W3C home > Mailing lists > Public > public-rdf-wg@w3.org > March 2011

Re: [JSON] Survey for design requirements

From: Manu Sporny <msporny@digitalbazaar.com>
Date: Wed, 09 Mar 2011 00:01:23 -0500
Message-ID: <4D7709A3.1030306@digitalbazaar.com>
To: RDF Working Group <public-rdf-wg@w3.org>
On 03/07/2011 05:19 AM, Richard Cyganiak wrote:
> I renamed two of the use cases to hopefully better highlight their
> differences. Also added more text to Andy's.

Thanks, Richard :)

> I wasn't quite able to make sense of this one: 
> http://www.w3.org/2011/rdf-wg/wiki/TF-JSON#RDF_REST_Web_Services
> 
> The web services that Frank is using. Do they already provide RDF, or
> just plain old JSON? 

Plain old JSON.

> If we assume that the operators of the web
> service already adopted some sort of JSON+RDF technology, then that
> would better be a separate use case, written from their POV.

I was trying to specify that the web service operators were moving their
back-end to RDF, but were keeping their front-end as plain old JSON for
the time being. Eventually, they'd move their front-end to JSON+RDF as well.

> If we
> assume that these web services are just plain JSON at the moment,
> then I'd like to understand why Frank doesn't simply stick with doing
> everything in JSON. Why does he want to “add semantics to the data”,
> and what does that mean?

Frank may start out with JSON that looks like this for his
/api/create-account REST call. So, if you post this data:

{
   "name": "Richard Cyganiak",
   "id": "cygri",
   "email": "richard@example.com"
}

but what if Frank wants to allow people that call his service to store
arbitrary data with their account. Things like WebIDs or public keys or
icons? Basically, what happens when they want to store their health
records or other data-locker like data with their account information?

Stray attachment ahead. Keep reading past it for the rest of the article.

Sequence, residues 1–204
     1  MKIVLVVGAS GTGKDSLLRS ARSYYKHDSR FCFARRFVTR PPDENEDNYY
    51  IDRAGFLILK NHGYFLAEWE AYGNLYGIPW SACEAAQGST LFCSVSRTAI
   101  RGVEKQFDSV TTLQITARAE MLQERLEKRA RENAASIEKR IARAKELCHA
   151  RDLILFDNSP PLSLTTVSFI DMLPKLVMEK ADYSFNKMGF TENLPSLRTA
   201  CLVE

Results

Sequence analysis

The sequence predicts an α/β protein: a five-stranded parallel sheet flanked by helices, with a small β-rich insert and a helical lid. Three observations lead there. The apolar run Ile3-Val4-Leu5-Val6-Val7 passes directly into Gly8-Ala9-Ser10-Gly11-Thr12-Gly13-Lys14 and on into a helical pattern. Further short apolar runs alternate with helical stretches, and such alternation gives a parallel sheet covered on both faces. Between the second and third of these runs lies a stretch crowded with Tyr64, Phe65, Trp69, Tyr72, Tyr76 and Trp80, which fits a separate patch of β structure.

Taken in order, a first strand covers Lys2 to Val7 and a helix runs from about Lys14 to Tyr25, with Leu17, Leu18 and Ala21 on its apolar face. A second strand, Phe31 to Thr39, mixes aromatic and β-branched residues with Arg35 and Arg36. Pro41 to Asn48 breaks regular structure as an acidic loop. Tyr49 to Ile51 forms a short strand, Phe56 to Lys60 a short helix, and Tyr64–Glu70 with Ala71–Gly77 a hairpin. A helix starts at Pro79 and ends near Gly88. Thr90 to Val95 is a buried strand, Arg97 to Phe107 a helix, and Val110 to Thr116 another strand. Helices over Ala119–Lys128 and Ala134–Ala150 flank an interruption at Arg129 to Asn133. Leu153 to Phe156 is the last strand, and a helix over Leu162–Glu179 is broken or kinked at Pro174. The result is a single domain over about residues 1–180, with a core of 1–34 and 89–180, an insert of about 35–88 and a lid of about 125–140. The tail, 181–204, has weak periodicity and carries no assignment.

We want to allow this new mechanism to be fairly flexible - RDF is a
good fit here.

If Frank's system assumes the following mappings:

name -> http://xmlns.com/0.1/foaf/name
nick -> http://xmlns.com/0.1/foaf/nick
email -> http://xmlns.com/0.1/foaf/mbox
info -> http://example.com/datalocker/info

Storing arbitrary information with the user account becomes as easy as
doing this (in JSON-LD):

{
   "#":
   {
      "sig": "http://purl.org/signature#"
   },
   "name": "Richard Cyganiak",
   "id": "cygri",
   "email": "richard@example.com"
   "info":
   {
      "sig:publicKey": "http://example.org/keys/5",
      "sig:publicKeyPem": "MIIjwjd832hjsfS...Efoiqwj=="
   }
}

There are two things that happened above:

1. Frank's system provides a default context that changes all of his
   plain old JSON into RDF.
2. The person interfacing with Frank's system provides their own
   set of keywords that expand to full URIs - enabling any triple
   to be stored alongside Frank's regular account information.

So, the transition from plain old JSON to JSON+RDF happens smoothly.
Frank makes this transition because it makes his REST services far more
flexible than just plain old JSON.

Twitter could use the same approach to semantify their API - imagine
being able to automatically annotate your tweets using semantics (like
whether or not what you're talking about is a web page, product for
sale, video, etc.).

-- manu

-- 
Manu Sporny (skype: msporny, twitter: manusporny)
President/CEO - Digital Bazaar, Inc.
blog: Towards Universal Web Commerce
http://digitalbazaar.com/2011/01/31/web-commerce/
Received on Wednesday, 9 March 2011 05:01:53 UTC

This archive was generated by hypermail 2.4.0 : Friday, 17 January 2020 17:04:03 UTC